Where people go, there too, goes Covid-19! Surprising? Perhaps not. But, if more solid science will help to convince the doubters - here it is!

Nature

A busy London pub. Photo by Steve Parker.

Reopening places such as restaurants, fitness centres, cafes, and hotels carries the highest risk for transmitting SARS-CoV-2, according to a modelling study based on data from the United States published in Nature. Reducing occupancy in these venues may result in a large reduction in predicted infections, the model suggests. The study also highlights disparities in infection risk according to socioeconomic status.

To assess how changes in movement might alter the spread of the  virus, Jure Leskovec and colleagues use phone data (collected this spring) to map the movements of millions of people from different local neighbourhoods. They combined these data with a model of transmission. This allowed them to identify potential high-risk venues and at-risk populations. The simulations from their model accurately predict confirmed daily case counts in ten of the largest metropolitan areas (such as Chicago, New York City and San Francisco).

The level of detail of the mobility data allowed the researchers to model the number of infections occurring, by the hour, at nearly 553,000 distinct locations grouped into 20 categories — termed “points of interest” — that people tended to visit regularly. Their model predicts that a small number of these locations, such as full-service restaurants, account for a large majority of infections. For example, in the Chicago metropolitan area, 10% of the points of interest accounted for 85% of the predicted infections at points of interest. The model predicts that compared with higher-income groups, lower-income populations are more likely to become infected because they have not been able to reduce their mobility as substantially and because the places they visit tend to be smaller and more crowded, which increases the risk of infection. For example, grocery stores visited by lower-income individuals tended to have 59% more people per square foot than those visited by higher-income individuals, and their visitors stayed 17% longer on average.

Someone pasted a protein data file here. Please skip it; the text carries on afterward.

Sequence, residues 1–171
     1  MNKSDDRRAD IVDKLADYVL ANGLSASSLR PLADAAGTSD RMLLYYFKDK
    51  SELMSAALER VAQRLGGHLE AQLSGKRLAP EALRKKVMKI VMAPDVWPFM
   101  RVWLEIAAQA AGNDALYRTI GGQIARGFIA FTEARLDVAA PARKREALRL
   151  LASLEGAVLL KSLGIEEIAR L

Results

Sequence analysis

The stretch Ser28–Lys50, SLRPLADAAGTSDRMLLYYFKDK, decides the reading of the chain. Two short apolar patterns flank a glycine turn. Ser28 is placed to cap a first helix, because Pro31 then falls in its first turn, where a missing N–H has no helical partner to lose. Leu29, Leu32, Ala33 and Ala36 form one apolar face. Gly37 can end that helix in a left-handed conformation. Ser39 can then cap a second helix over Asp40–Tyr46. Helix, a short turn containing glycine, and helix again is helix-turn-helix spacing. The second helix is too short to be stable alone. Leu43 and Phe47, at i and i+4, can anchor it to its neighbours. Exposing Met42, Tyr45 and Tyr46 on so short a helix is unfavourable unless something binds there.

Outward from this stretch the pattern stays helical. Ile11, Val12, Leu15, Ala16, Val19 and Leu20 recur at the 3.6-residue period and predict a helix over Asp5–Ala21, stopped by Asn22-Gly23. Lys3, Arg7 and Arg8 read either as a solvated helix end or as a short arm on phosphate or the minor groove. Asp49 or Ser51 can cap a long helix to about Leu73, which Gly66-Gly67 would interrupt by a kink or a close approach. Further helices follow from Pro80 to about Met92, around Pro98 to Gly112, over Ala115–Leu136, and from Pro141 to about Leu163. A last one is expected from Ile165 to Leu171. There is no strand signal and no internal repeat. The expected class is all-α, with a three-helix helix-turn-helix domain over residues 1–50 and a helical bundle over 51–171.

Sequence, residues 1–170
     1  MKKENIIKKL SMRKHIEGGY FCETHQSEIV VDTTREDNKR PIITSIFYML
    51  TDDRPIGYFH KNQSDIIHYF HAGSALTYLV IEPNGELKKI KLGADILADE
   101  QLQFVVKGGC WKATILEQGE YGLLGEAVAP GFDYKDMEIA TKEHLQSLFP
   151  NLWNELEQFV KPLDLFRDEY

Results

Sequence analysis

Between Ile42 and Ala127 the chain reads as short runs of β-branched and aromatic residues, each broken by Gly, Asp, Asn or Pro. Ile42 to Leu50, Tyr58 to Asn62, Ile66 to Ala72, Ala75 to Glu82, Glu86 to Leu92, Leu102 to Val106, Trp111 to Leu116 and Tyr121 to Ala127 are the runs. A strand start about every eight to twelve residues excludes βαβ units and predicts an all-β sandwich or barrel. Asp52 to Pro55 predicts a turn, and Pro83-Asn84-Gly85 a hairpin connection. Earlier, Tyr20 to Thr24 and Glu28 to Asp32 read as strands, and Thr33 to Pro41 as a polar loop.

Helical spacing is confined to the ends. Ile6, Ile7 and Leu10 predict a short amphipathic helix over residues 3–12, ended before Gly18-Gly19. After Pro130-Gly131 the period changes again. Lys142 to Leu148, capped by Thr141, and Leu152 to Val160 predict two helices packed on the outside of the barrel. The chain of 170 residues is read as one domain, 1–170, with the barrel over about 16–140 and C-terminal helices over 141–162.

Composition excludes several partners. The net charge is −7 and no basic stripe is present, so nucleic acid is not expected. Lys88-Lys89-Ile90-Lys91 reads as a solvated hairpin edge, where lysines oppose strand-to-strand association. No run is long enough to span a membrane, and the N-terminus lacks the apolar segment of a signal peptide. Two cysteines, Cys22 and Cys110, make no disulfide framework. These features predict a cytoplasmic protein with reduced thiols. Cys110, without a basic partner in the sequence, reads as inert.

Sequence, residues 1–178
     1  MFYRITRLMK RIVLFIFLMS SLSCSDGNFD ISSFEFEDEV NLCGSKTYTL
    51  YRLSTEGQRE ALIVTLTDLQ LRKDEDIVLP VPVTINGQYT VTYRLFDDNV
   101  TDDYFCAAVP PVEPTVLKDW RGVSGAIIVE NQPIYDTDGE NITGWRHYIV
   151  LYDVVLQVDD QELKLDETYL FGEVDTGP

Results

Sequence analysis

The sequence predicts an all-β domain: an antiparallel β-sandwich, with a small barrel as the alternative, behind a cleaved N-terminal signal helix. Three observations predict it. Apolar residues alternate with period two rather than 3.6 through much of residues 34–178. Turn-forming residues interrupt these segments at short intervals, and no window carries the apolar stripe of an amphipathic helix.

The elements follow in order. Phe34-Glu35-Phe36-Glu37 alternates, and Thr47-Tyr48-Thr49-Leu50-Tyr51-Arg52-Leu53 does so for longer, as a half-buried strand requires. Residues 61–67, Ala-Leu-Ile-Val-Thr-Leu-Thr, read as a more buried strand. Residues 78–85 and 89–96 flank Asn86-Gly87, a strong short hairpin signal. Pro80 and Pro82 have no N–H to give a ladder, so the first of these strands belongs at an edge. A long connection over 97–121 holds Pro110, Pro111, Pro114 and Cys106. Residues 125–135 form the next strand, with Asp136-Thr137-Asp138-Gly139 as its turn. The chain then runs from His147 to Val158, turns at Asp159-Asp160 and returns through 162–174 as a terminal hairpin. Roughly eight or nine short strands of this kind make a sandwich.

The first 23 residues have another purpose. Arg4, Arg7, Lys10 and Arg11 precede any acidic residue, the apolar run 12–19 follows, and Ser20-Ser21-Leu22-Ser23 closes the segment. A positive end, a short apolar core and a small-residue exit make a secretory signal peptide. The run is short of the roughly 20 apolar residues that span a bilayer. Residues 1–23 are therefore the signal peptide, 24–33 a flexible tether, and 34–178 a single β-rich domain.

By modelling who is likely to be infected at which locations, the authors were also able to estimate the effects of different reopening strategies, and they suggest that their model can inform reopening policies. For example, capping the occupancy of a venue at 20% of its maximum capacity is predicted to reduce new infections by over 80%, but would only reduce the overall number of visits by 42%.

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